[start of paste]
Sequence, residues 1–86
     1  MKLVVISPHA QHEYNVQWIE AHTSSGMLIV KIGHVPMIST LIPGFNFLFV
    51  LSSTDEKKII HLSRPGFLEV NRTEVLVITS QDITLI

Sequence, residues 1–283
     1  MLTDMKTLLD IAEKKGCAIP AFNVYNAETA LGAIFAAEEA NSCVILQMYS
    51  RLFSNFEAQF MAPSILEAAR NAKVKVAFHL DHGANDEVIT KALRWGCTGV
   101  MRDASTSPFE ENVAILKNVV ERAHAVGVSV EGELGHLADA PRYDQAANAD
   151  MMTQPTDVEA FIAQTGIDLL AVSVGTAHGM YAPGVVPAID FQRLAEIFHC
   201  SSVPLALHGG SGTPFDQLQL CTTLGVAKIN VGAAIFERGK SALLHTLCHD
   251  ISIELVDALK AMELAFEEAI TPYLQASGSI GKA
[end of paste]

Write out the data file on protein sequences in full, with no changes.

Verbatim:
Sequence, residues 1–86
     1  MKLVVISPHA QHEYNVQWIE AHTSSGMLIV KIGHVPMIST LIPGFNFLFV
    51  LSSTDEKKII HLSRPGFLEV NRTEVLVITS QDITLI

Sequence, residues 1–283
     1  MLTDMKTLLD IAEKKGCAIP AFNVYNAETA LGAIFAAEEA NSCVILQMYS
    51  RLFSNFEAQF MAPSILEAAR NAKVKVAFHL DHGANDEVIT KALRWGCTGV
   101  MRDASTSPFE ENVAILKNVV ERAHAVGVSV EGELGHLADA PRYDQAANAD
   151  MMTQPTDVEA FIAQTGIDLL AVSVGTAHGM YAPGVVPAID FQRLAEIFHC
   201  SSVPLALHGG SGTPFDQLQL CTTLGVAKIN VGAAIFERGK SALLHTLCHD
   251  ISIELVDALK AMELAFEEAI TPYLQASGSI GKA